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#15

I’m not on the site much, but l saw your post in my email and wanted to respond.

I’ve suffered almost 20 years. It’s been a roller coaster, but l can say I’ve been much better than l was at first. Tomorrow might be your day to feel better. Don’t be stubborn, now is not the time for pride. Seeing a great therapist and cialis helped me a lot.

I had a young son at the start of this. I don’t want to think how things would be if l didn’t. I knew he needed me, just as your son needs you. I found strength and purpose in that.

The impression l wanted to leave you with is this… lt will make me sound crazy, but at this point l don’t care. Hopefully it helps. When l was at my worst l would sleep 10 hours a work week. The time not sleeping was pondering how miserable life was and l couldn’t see it getting better. I never wanted to commit suicide, but l didn’t see any joy in living. One of those nights where l was at my lowest the grim reaper appeared at the end of my bed at 2:30 am. I was wide awake. He was nearly eight feet tall, had his scythe with him and l couldn’t of been more scared. He reached out with an arm that seemed to reach half way across the bed and motioned a skeletal finger nearly a foot long to come to him. I begged him not to take me. He hovered there expressionless for what seemed like an hour. I should say that to see a hooded skull with empty eyes that look like the gateway to the afterlife, scythe gleaming over his head, hoovering at the end of your bed is an eye opening experience.

Then he turned and left. Was l crazy? I don’t know. If l was it was for that moment, he hasn’t been back.

The point is DO NOT UNDERESTIMATE YOUR DESIRE TO LIVE. Even at my lowest, when it looked like life was merely a gateway to death, when faced with death, l realized l not only didn’t want to die, but l wanted to live.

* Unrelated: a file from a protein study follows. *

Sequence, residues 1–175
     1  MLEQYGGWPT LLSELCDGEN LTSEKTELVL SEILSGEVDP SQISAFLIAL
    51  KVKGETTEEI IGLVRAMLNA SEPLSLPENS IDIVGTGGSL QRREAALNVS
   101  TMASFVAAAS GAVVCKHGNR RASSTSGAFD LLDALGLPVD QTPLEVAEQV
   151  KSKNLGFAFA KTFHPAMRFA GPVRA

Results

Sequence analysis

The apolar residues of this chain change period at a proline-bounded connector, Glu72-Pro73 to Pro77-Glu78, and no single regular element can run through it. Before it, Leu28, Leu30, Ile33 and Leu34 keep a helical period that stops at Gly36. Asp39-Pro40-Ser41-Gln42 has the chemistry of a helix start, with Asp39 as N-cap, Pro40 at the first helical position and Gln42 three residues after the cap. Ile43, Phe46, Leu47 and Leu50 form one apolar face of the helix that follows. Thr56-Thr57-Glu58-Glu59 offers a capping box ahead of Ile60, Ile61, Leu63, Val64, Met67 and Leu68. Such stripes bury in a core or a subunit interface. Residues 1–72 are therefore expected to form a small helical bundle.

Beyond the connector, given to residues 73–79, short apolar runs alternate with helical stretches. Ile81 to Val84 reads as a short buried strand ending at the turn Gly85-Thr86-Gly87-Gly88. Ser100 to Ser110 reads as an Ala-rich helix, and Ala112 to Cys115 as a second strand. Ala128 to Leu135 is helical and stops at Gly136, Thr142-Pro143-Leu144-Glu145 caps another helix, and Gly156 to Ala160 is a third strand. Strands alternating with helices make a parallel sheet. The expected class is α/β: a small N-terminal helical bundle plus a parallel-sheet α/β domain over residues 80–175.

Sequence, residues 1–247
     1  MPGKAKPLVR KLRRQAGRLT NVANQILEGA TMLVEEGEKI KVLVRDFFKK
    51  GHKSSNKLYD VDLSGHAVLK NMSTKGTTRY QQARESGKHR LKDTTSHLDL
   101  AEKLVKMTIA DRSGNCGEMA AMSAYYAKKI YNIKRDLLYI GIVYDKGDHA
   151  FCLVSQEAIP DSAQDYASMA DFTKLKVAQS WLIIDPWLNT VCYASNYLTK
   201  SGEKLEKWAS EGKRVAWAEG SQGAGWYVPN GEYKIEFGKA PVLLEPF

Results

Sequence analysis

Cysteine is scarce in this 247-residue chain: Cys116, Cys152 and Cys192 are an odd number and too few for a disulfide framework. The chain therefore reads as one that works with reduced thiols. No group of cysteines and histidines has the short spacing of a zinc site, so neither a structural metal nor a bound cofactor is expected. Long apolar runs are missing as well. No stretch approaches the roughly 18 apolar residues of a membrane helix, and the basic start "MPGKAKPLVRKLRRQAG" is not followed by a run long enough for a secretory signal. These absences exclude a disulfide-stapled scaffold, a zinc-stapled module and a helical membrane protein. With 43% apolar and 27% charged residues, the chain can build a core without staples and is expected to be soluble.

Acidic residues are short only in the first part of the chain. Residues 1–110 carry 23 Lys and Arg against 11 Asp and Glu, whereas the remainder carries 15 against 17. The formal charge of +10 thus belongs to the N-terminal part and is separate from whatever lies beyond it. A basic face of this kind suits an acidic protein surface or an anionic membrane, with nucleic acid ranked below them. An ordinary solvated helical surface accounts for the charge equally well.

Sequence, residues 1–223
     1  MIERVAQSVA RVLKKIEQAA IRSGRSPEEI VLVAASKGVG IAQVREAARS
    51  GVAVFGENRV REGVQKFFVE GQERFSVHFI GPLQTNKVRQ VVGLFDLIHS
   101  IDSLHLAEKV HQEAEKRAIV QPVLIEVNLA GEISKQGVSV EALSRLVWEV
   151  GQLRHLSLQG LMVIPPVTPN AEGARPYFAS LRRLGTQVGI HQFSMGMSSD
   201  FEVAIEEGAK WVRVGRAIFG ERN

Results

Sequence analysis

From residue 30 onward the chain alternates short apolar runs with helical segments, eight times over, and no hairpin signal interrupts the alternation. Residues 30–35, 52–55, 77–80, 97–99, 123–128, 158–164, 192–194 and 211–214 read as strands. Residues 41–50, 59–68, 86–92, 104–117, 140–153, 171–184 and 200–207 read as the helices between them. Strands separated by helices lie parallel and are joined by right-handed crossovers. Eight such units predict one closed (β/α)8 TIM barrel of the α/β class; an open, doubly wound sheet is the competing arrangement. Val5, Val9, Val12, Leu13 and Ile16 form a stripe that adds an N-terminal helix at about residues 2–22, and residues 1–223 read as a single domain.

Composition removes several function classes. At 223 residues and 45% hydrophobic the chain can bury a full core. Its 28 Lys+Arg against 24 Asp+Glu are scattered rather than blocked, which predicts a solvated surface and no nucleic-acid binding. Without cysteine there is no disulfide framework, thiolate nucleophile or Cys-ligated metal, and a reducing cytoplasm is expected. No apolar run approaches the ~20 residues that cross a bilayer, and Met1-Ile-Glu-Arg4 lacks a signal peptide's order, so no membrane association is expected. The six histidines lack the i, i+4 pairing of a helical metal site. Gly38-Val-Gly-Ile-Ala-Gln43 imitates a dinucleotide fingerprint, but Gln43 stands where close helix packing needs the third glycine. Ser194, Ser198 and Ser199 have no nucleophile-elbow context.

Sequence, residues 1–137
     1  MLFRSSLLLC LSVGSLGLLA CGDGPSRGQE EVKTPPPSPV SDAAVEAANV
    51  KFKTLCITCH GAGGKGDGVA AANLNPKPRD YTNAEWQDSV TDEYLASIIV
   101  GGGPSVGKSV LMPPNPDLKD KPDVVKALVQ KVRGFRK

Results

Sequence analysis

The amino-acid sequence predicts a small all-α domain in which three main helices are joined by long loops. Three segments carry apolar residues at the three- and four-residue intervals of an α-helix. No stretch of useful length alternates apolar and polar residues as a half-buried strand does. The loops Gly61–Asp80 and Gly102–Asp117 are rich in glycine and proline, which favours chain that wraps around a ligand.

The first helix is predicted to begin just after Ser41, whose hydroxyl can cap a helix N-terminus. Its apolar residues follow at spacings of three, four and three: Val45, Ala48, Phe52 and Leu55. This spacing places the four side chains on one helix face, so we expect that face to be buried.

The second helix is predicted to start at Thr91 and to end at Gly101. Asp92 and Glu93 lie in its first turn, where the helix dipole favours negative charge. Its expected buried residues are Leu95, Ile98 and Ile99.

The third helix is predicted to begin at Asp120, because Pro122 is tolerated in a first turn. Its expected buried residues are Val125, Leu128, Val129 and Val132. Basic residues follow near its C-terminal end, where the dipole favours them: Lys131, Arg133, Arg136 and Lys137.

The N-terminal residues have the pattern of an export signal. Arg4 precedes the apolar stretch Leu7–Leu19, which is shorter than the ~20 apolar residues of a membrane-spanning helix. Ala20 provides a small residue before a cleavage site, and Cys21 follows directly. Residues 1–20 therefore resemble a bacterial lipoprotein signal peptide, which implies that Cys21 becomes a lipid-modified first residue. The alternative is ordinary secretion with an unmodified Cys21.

Don’t put yourself in a situation where when you decide you want to live it’s too late. Your son needs and loves you. Speaking of, my 19 year old son just stopped by to see me.

Best wishes, take care. Tdb

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#16

When someone has kids, it seems that should give one a very strong additional motivation to live. I am not saying it would make up for the lack of motivation, the anhedonia and depression that PFS causes, but it seems it would make things better motivation-wise, all other things equal. That’s true in both yours and @2981’s case.

The question is how do the rest of us – single, childless people – find motivation? I am really struggling with that, despite what I wrote earlier. I try to set goals, to find meaning beyond my own miserable existence, to work towards something in the world I consider worthwhile, etc, but none of these goals reach me on an emotional level and as a result I have no drive. It is very hard to make myself do anything. I do the bare minimum, wasting my potential and opportunities.

I really like what you said here: “don’t put yourself in a situation where when you decide you want to live it’s too late.” I feel this is exactly what’s been happening to me. I am surviving all right, getting through the days, even improving psychologically, and hoping that one day I would really decide I want to live again, but I am definitely failing and regressing and at some point soon any meaningful life I could have had would be impossible. I think many people here are painfully familiar with this problem.

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#17

As I’ve stated my life has been a roller coaster. I took propecia in 1998, so I’ve seen my share of unknowing, ignorant and incompetent doctors. I’ve had my ups and downs. Some of what l say may be easy to glance over, but looking back it all was very important.

What l can tell you from my experience is that you do not know how you feel tomorrow. Tomorrow could be your day. Out of stubbornness, pride and maybe stupidity l kept my condition to myself, with the exception of a few (unhelpful) doctors, for 9 years. One day l decided to go to a great therapist. That is where my recovery began. You have to prepare mentally and be open to improving yourself.

The first thing the therapist had me do was tell someone about my issues. I told my mother and brother. One of the hardest things I’ve done, but it was a tremendous weight off my shoulders.

While the therapist didn’t have any magical answers, he put me in a place mentally to proceed with life. I can not stress how important that is.

Without a doubt my son gave me motivation to live. However, when l was faced what l felt like was a way out, I pleaded desperately to save myself. I can assure you at that moment, my son was not a factor, that was all me. Point being regardless of what or who l have here it had no bearing. By the way, the logical side of mind tells me what l saw wasn’t real. My intuition, which is never wrong, isn’t so sure. Regardless, the end result was the same.